Displaced Christians from Iraq ‘see no future’ in returning home

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Chiqui Guyjoco
Many of the displaced Iraqi Christians said they would rather migrate abroad than return home where religious-driven violence could potentially spring up anytime.
Saturday marked the second year anniversary since tens of thousands of Iraqi Christians fled their homes as the Islamic State of Iraq and Levant (ISIL, also known as ISIS or Daesh) militia took control of the most parts of Iraq and Syria.
(Reuters/Khalid al Mousily)Iraqi Christians pray as they attend a Good Friday mass at a church in Baghdad March 25, 2016.

Although the Iraqi security forces backed by U.S. airstrikes and the Kurdish Peshmerga forces already recaptured most of the areas seized by ISIS, this does not mean that many of the internally displaced living in the trailers of the Irbil refugee camp still look forward to going back to their villages.

“If organized migration were possible, then I can say that 90 percent of the inhabitants of this camp would leave,” camp manager Father Emanuel Adel Kelo told Fox News.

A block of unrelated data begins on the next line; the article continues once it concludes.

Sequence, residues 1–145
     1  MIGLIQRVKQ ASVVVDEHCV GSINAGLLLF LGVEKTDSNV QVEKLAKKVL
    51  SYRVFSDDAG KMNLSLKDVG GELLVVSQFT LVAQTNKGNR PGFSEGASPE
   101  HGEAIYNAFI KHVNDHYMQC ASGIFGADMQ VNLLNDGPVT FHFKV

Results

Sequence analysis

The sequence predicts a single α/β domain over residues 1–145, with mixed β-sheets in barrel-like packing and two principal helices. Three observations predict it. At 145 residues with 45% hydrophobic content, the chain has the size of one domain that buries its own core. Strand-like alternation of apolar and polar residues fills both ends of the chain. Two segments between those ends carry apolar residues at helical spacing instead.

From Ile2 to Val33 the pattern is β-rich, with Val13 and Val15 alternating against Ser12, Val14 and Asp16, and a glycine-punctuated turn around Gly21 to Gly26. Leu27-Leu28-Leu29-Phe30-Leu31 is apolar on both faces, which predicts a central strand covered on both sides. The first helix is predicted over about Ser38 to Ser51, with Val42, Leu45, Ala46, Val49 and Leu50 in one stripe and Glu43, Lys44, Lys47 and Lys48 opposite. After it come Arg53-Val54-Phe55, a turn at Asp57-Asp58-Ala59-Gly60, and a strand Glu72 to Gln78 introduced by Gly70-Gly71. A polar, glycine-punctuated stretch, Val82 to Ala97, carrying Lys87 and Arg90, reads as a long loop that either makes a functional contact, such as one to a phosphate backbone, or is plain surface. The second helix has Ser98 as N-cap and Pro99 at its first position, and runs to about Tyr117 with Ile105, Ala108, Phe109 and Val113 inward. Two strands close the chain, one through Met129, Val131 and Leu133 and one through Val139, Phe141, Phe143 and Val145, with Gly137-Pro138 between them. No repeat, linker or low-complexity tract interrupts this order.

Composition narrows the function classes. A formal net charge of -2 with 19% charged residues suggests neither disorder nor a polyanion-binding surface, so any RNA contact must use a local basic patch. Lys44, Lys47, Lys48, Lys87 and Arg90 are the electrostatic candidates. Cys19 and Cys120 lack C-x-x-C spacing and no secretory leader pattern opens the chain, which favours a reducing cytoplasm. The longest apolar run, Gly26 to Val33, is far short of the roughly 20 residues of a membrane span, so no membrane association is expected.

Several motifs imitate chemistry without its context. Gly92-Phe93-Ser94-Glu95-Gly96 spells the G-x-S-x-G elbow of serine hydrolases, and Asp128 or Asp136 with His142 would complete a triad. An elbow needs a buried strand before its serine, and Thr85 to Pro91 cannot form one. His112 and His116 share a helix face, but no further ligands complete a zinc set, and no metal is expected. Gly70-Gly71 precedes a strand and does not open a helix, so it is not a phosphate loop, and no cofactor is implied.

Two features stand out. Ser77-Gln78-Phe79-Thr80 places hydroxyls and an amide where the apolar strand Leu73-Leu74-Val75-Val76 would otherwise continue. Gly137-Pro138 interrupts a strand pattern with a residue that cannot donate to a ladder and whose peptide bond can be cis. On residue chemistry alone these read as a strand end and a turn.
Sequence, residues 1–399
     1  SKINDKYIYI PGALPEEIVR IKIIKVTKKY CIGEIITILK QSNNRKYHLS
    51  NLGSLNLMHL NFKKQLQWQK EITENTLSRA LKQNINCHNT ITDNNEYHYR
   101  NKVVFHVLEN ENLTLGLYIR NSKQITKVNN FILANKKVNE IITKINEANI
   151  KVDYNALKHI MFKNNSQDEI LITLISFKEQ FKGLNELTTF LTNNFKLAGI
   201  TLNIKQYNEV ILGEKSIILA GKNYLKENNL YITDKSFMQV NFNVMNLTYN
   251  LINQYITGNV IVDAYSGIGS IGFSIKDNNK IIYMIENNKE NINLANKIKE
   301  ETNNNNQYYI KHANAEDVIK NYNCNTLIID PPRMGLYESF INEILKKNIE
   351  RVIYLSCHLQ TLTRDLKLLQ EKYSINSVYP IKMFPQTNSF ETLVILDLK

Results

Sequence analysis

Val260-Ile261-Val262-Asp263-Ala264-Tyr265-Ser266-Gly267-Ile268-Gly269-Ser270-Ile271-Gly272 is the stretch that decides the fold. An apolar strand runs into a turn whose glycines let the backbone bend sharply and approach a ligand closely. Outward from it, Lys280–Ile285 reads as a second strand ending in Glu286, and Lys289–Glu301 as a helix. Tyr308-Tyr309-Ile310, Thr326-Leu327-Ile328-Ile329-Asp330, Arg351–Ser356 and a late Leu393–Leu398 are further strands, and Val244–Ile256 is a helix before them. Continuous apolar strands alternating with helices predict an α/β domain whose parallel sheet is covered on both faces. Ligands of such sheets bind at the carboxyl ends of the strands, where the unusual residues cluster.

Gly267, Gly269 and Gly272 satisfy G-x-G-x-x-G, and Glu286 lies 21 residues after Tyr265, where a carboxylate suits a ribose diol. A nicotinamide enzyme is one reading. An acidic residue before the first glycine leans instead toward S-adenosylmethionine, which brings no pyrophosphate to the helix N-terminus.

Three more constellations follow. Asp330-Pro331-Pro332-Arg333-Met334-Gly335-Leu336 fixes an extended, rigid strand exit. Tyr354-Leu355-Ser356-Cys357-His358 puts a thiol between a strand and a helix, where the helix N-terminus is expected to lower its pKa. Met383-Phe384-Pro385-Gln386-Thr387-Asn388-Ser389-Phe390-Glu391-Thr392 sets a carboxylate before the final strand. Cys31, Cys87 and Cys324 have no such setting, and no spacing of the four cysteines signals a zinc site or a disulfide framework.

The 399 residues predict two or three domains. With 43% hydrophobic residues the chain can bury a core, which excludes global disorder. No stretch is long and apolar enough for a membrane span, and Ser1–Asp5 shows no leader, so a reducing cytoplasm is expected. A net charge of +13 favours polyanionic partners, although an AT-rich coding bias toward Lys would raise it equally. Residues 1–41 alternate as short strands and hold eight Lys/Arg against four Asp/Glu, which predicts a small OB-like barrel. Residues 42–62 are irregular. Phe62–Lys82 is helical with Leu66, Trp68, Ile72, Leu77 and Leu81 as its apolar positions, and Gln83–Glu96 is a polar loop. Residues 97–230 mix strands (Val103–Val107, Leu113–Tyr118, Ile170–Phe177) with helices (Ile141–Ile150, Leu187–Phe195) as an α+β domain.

Raad Bahnam Samaan, who left Qaraqosh with his wife and five children, said “there is always hope” on returning home once the war ceases but fearfully predicted that “there won’t be anything left of our house.”

“I see no future for us (here),” said Samaan as he worries over his children’s future.

He also feared that the atrocities caused by ISIS might have already strained relations among the Iraqi people.

“We’ll still be afraid. I will go to Mosul and I will be afraid because they will say, here comes the Christian,” he said.

Many of the displaced Christians living at Ankawa 2 refugee camp shared Samaan’s sentiments back in May. While some camp residents already returned to their villages, many insist that they would only go back once peace and order have also returned.

“When they are liberated, we’ll return,” camp resident Ibrahim Shaba Lalo told Al Jazeera. “But without international protection, it will be very hard to return.”